Jun 14, 2012
COLES and Woolworths have been accused of blacklisting local
suppliers who publicly criticise aggressive price discounts by the big
supermarkets and their rapid expansion into home-brand products.
departing chief executive of the Winemakers Federation of Australia,
Stephen Strachan, said the supermarket giants had used their market
dominance to create a culture of fear and intimidation among local wine
''If you're an individual company that speaks out
against them or says anything publicly that criticises their tactics,
they would have no hesitation in giving you a holiday from their
shelves,'' Mr Strachan said.
He said the bullying was not confined to Australian winemakers.
''It's happening in every area of food and beverage you'd care to mention,'' he said.
Strachan would speak to The Sunday Age only after ending his role with
the Winemakers Federation on Friday, amid claims that Coles and
Woolworths had previously tried to undermine his position within the
''Whenever I've made comments in the press, I could
only talk about retailers in a generic sense, but they would
religiously follow up on those comments and make it known they were
displeased,'' Mr Strachan said.
Senator Nick Xenophon, a member
of a federal parliamentary inquiry into the food processing industry,
said an effective supermarket duopoly meant businesses with complaints
about Coles and Woolworths were fearful of publicly airing them.
said the Senate committee would probably have had more luck trying to
get people to speak out about the Mafia in Sicily 50 years ago.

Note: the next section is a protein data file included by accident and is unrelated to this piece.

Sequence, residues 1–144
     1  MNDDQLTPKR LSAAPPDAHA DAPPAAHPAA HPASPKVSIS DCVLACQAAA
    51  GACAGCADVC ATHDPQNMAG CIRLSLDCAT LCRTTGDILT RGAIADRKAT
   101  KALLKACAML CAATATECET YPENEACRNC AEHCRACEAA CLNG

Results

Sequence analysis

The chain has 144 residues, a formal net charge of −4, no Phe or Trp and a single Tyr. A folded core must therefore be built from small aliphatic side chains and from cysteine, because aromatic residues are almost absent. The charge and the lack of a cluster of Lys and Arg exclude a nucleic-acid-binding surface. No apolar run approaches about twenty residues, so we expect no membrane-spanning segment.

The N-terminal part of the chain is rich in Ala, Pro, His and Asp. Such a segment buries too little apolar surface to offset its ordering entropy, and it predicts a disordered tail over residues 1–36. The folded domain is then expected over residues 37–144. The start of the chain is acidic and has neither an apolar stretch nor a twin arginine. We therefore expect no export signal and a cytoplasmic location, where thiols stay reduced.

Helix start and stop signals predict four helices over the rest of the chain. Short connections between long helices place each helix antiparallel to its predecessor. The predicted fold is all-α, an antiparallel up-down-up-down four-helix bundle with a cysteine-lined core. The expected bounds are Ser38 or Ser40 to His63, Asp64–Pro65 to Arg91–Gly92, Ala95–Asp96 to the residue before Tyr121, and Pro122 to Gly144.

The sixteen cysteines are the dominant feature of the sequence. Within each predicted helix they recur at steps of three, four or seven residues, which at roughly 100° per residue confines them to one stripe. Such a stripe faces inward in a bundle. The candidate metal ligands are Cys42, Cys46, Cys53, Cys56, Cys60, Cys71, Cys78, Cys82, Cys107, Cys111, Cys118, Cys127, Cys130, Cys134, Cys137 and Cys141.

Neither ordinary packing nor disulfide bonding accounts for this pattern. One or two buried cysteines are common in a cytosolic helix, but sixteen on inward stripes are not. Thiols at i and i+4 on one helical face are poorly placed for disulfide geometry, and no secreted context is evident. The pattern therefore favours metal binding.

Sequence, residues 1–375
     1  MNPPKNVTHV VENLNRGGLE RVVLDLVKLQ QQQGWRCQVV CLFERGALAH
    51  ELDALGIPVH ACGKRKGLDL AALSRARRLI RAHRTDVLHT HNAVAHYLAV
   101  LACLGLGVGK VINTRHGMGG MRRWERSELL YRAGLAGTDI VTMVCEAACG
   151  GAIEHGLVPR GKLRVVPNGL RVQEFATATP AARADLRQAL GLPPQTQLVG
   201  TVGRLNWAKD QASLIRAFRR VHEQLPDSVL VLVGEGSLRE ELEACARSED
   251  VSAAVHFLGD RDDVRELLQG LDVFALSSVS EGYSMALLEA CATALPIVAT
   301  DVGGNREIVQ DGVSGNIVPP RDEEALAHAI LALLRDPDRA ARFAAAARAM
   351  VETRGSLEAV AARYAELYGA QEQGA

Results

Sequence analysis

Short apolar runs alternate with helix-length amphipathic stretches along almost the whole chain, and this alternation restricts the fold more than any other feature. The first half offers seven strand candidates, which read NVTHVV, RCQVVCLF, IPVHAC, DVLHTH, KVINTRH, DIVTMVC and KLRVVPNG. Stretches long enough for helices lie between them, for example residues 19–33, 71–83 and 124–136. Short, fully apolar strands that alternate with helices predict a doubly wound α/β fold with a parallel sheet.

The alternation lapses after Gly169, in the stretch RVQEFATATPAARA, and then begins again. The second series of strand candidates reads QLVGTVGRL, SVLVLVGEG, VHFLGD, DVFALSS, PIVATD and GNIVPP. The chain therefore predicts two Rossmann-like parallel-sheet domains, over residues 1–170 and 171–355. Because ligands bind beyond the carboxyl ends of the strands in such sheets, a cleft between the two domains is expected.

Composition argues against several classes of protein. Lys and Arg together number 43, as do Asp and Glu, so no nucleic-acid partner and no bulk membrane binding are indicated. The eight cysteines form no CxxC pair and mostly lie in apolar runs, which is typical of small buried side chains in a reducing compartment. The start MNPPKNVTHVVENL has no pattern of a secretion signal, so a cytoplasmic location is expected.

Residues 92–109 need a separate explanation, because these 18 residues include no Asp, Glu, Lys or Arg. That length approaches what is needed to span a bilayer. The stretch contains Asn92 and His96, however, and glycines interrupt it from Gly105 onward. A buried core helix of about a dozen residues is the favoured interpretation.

''This is an inevitable consequence of having two players with so much market share,'' Senator Xenophon said.
Coles spokesman, Jim Cooper, rejected the claims. He said retailers
could not be blamed for the national wine glut, which was the biggest
issue facing Australia's embattled wine industry.
disappointed that the Winemakers Federation has chosen to attack wine
retailers, rather than acknowledge the countless instances where they
have collaborated with winemakers to help them sell their excess
volumes,'' Mr Cooper said.
But allegations that big retailers
were abusing market power were backed by Kate Carnell, who stepped down
as the head of the Australian Food and Grocery Council in March.
have been lots of small suppliers who have been delisted for a variety
of reasons,'' she said. ''There is such market dominance it's impossible
to have anything like a level playing field, at a time when both
companies are expanding their home-brand labels.''
Woolworths chief executive Grant O'Brien flagged that the nation's
biggest supermarket chain would double its offering of home-brand
products to eventually represent about a third of total sales.
has adopted a similar strategy, which has intensified competition for
shelf space and reduced margins for some local suppliers.
Sunday Age contacted 12 food and wine producers, who all declined to
speak on the record. ''I can't afford to say anything that will get them
off-side,'' one said.
Coles urged The Sunday Age to contact
Steve Grimeley, of Loom Wine, who said his family business in McLaren
Vale had always enjoyed a strong relationship with the retailer.
don't want to get involved in a high-profile slanging match, but from a
global perspective, it's a bit unfair to single out Coles and
Woolworths for criticism,'' Mr Grimeley said.
Woolworths did not respond to questions before deadline.
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